Republicans Are Surprised to See the Abortion Bans They Fought for in Effect

The GOP is fumbling as their extremely unpopular abortion bans actually become law, terrorizing doctors and pregnant people and turning off voters.

Republicans Are Surprised to See the Abortion Bans They Fought for in Effect
Indiana Republican House Speaker Todd Huston, left, and Republican Rep. Wendy McNamara, right, speak with reporters after the Indiana House approved a near-total abortion ban at the Statehouse in Indianapolis, Friday, Aug. 5, 2022. Photo:Arleigh Rodgers (AP)

Until last month, it seemed that anti-abortion politicians had pushed the envelope as far as they could on attacking reproductive rights, knowing that Roe would ensure that most of their extreme rhetoric remained just that—words. Then Dobbs v. Jackson Women’s Health Organization overturned the federal constitutional protections for abortion, and the safety net dropped out.

States got to work. They certified laws that allowed trigger bans passed in case of this exact scenario—the overturning of Roe—to go into effect. They defended lawsuits against their abortion bans of varying lengths. In the case of Indiana, state lawmakers became the first state since Roe to outlaw abortion after 10 weeks.

The only problem is that these laws are wildly unpopular; nearly two-thirds of the country supported Roe v. Wade. And Republicans now find themselves on a downward competitive spiral into further extremism. South Carolina Rep. Micah Caskey (R) is frustrated by people who think he’s not doing enough for the anti-abortion cause. “I’m told that a year ago I was a crazy fanatic for supporting a six-week ban, and now the goal post has been moved such that if I don’t support a complete and total ban whatsoever that I’m not pro-life?” he told Politico.

Caskey is a member of a committee writing South Carolina’s latest abortion ban, but implied that all the of the coverage of the consequences of anti-abortion legislation is forcing people to grasp the real-life consequences of these laws. Remember that pregnant woman who had to bring her own discharge into an emergency room to prove that she was indeed infectious and worthy of an abortion via the “medical emergency” exception? That story continues to haunt me, but it’s one of dozens that have been reported since June.

“It’s one thing to do it in practice. It’s another thing to do it for real. For all the energy and excitement and emotional expenditures around the heartbeat bill, there is absolutely a more concrete sense that what we do here is going to go into effect and be the law of the land in a way unlike the [six-week ban] heartbeat bill,” Caskey said.

Former Virginia Rep. Tom Davis, former chair of the National Republican Congressional Committee, warned that Republicans need to get their shit together on the issue of abortion or will start massively losing elections. “What Republicans need to be concerned about is: What is their branding going to be? Not just on this — we’ve already seen an erosion in the suburbs on cultural issues that have helped the Democrats,” he said. “That’s the problem, when people get emboldened … it takes rational discussion off the table. That’s where we are.”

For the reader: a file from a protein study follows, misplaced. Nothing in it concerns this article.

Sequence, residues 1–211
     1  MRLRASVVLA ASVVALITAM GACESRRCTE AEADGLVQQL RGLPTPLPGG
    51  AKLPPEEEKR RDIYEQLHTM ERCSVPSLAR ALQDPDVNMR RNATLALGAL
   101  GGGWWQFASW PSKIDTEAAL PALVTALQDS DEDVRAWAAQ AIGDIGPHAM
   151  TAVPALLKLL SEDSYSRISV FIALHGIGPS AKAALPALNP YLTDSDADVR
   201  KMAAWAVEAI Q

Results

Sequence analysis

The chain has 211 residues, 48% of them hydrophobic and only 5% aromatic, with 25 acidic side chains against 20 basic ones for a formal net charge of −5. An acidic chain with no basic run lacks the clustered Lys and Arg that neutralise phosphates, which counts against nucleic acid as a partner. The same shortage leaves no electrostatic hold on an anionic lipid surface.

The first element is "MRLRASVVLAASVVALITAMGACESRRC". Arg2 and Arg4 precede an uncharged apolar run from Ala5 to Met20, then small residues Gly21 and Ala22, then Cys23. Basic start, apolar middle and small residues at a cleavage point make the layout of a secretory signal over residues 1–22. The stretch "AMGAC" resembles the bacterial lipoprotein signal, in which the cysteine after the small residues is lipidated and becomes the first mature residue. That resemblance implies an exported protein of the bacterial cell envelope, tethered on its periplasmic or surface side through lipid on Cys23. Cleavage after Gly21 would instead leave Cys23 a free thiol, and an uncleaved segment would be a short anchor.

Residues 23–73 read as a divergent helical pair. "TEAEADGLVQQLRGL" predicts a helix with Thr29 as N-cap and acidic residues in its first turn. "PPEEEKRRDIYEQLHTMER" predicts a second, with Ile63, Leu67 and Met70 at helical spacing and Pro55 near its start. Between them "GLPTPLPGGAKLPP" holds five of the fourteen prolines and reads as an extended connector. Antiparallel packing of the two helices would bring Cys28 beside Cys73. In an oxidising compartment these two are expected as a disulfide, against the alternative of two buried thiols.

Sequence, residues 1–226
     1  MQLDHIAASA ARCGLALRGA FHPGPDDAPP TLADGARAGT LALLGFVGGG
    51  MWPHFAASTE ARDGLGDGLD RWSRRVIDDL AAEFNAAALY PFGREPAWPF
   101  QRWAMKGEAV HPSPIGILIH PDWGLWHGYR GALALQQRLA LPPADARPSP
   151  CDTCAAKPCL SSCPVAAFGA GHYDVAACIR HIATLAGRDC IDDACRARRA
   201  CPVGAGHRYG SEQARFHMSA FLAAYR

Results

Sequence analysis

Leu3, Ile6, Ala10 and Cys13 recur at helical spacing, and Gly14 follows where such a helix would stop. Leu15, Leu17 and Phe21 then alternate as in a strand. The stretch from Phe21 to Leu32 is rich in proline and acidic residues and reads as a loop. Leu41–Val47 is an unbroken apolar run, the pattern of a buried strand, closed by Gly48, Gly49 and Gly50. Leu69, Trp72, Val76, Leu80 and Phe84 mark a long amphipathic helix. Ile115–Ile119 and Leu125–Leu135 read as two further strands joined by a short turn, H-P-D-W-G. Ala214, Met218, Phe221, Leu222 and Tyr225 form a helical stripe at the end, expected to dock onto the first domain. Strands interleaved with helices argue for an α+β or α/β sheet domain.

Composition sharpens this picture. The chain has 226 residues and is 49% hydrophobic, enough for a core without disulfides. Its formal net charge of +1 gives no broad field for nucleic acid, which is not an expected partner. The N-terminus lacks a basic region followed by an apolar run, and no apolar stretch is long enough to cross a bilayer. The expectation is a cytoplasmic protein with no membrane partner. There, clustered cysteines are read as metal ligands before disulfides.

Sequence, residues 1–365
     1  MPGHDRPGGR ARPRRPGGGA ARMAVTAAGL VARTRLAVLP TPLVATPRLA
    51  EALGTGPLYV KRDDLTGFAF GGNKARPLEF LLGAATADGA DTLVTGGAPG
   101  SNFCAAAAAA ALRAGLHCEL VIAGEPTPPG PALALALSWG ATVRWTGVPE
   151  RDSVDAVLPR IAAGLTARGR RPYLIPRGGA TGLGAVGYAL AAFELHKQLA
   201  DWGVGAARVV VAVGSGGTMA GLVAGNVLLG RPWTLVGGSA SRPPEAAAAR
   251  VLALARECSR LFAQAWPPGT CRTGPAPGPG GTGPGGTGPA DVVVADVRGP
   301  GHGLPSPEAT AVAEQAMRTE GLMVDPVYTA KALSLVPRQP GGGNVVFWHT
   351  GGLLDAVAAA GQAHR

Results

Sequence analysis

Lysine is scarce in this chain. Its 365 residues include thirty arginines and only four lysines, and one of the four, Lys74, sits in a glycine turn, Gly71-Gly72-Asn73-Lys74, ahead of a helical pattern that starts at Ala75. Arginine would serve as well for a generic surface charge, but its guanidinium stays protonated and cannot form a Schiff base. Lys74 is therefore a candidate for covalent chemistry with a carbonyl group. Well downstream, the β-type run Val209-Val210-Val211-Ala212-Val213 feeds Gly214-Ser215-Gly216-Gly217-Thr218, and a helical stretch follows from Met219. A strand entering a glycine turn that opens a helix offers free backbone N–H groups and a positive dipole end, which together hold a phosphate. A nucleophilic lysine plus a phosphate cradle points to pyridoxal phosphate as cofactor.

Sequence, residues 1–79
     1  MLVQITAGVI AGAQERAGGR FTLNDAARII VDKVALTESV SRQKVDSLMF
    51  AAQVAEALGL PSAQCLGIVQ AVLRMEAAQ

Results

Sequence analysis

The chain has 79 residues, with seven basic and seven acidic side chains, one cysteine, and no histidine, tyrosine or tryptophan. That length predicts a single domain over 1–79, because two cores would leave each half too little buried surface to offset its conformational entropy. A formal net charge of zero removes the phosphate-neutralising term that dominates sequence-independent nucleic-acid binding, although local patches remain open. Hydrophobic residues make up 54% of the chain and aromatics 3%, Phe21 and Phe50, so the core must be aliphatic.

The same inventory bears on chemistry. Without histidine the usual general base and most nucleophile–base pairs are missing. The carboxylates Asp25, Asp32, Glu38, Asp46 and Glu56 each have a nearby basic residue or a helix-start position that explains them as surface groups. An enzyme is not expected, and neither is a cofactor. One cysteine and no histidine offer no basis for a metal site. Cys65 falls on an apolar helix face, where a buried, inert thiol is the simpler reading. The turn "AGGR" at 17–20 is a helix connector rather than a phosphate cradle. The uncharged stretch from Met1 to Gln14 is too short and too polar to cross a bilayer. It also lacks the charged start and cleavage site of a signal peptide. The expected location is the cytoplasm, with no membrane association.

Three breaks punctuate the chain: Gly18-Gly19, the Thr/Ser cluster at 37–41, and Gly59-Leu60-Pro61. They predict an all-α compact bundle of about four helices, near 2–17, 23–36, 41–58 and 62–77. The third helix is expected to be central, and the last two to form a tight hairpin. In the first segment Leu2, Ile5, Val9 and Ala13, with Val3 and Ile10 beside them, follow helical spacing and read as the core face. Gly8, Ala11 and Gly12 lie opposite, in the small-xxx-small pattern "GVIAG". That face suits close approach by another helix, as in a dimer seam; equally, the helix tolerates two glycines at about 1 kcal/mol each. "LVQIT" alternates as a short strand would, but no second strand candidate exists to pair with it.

Indiana State Sen. Vaneta Becker voted against her state’s abortion ban even though she is a Republican. “I don’t think people are taking into consideration how their constituents feel about this bill,” Becker told Politico. “I think it’s going to be an ongoing challenge for Republicans.”

The challenges are extending past legislative victories. In a new poll released Wednesday by USA Today/Ipsos, seven in 10 Americans—70 percent!—said they want to vote on abortion, like what just happened in Kansas. If a ballot measure was put forth, more than half said they would vote for legalizing abortion. When that number is broken down to party affiliation, 76 percent of Democrats would vote for abortion as would 52 percent of independent voters and 34 percent of Republicans.

The most interesting part of this bill is that most surveyed had not heard of the Kansas ballot measure. Fifty-nine percent said they had either heard about the ballot measure but knew nothing about it or had not heard of it at all. Despite this, nearly three out of four people surveyed wanted to vote on an abortion ballot, taking advantage of the Republican strategy of returning abortion to the states.

Abortion remains popular. In this poll, only 9 percent said they wanted a total abortion ban. And yet, that’s the next logical step Republican lawmakers have to engage.

If you overturn the constitutional right to abortion and manage to claw back the House of Representatives? You do what House Democrats have been doing: Pass bills that your base will love and that you believe in and then let them die in the Senate. If you manage to take back the Senate? You have to pass the national abortion ban called for by people considered middle-of-the-road conservatives like Mike Pence and anti-abortion advocates alike. A nationwide ban is why gerrymandered Republican voters install Republican politicians! You can’t just take away the carrot you’ve been dangling at voters for 50 years because you’ve suddenly realized the consequences of your actions.

Hopefully, the voters have already seen enough.

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